Six Students Interning With Housing Nonprofits
Six Occidental College students have completed their first week as interns with community-based nonprofits in Los Angeles that address the region’s housing crisis.
Selected from among 47 applicants, the students are working with community organizations that engage in housing development, tenant organizing, policy advocacy, research, and homeownership counseling.
In addition to their full-time, 10-week paid internships, the students meet with Occidental’s Dr. E.P. Clapp Distinguished Professor of Politics Peter Dreier each week to discuss readings and exchange ideas about their experiences.
“The program was created to give Oxy students real hands-on experience working to solve real housing problems in Los Angeles,” Dreier said. “For some students, this is a life-changing experience, but for all of them, it is a real eye-opening summer.”
The interns are:
- Kay Ambriz, a sociology major from Los Angeles, who is working for the Coalition for Economic Survival, a tenants rights organization;
- Jordan Aura-Gullick, an urban and environmental policy major from Culver City, who is working for the Southern California Association for Non-Profit Housing, an advocacy organization that is working to influence public policy to expand resources for affordable housing;
- Chandrika Francis, a UEP major from Oakland, who is working for the East Los Angeles Community Corp., a Boyle Heights-based organization that builds affordable housing and organizes residents to improve their neighborhoods;
- Aly Hammett, a UEP major from Minneapolis, who is working for ACORN, a community organizing group that works on issues of gentrification, tenants rights, predatory lending, and mixed-income housing;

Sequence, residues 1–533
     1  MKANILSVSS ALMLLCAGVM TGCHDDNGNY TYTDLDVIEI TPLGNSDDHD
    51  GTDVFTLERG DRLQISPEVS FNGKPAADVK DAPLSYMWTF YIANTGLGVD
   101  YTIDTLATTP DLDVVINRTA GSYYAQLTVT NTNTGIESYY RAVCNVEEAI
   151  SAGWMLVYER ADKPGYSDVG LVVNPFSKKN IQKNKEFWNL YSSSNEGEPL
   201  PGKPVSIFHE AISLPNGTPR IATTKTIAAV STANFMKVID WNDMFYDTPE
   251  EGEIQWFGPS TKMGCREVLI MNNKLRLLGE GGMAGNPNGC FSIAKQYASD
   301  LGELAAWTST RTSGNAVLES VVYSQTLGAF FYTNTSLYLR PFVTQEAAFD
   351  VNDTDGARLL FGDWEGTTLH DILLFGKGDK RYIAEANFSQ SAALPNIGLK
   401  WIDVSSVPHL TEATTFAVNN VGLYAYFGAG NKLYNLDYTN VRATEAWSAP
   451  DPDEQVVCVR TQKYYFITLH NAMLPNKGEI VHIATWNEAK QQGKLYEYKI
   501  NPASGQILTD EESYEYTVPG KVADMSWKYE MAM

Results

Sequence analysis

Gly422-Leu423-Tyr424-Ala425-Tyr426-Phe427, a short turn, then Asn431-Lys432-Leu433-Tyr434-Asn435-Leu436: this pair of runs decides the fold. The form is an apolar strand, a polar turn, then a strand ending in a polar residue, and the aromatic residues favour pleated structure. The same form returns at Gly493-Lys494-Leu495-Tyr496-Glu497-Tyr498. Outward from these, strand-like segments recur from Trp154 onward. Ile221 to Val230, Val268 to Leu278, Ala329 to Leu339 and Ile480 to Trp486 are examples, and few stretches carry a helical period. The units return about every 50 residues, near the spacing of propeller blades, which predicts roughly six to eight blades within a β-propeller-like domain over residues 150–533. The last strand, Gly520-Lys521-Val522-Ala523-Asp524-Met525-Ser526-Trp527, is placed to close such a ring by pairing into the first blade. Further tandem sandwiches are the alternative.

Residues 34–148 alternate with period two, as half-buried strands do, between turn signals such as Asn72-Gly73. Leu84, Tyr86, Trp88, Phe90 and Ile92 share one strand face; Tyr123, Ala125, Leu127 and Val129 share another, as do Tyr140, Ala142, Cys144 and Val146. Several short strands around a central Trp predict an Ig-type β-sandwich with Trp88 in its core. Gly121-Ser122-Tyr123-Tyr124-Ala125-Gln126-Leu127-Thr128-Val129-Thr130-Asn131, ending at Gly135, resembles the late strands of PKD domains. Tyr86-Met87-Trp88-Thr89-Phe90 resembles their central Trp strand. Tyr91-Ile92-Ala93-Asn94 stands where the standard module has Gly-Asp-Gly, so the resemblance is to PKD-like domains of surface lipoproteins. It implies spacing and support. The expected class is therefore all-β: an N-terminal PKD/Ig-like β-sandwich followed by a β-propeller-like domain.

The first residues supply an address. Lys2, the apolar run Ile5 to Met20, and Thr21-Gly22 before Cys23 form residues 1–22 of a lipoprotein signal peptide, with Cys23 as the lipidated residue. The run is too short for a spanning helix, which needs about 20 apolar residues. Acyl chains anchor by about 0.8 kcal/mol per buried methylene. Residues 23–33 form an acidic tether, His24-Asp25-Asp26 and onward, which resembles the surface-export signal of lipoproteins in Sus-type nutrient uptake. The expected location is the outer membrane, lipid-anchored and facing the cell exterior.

- Lorie Margolis, an economics major from Sherman, Texas, who is working for Strategic Actions for a Just Economy (SAJE), a community-organizing group that addresses issues of slum housing, gentrification, and accountable development; and
- Eric Martinez, a politics major from Los Angeles, who is working for L.A. Neighborhood Housing Services, which builds affordable housing, provides counseling for prospective homeowners, and helps existing homeowners avoid foreclosure.
Now in its fifth year, the program is funded by Union Bank and Washington Mutual Bank foundations. Occidental’s Undergraduate Research Center has been a valuable partner since the program’s inception. A number of the program’s past participants have been hired by their internship organizations after graduation, and others have pursued careers and/or graduate study in the fields of housing and community development.
A total of 12 organizations have served as hosts for Occidental summer interns. The mutually beneficial program allows students learn about community issues and themselves, and the nonprofit community organizations get valuable help in addressing the city’s housing crisis while mentoring a new generation of citizens committed to public service.
Founded in 1887, Occidental is one of the oldest liberal arts colleges on the West Coast. Since winning its first Rhodes Scholarship in 1907, the college has consistently won national and international recognition for academic achievement. U.S. News & World Report has ranked the institution in the top tier of liberal arts colleges since 1991.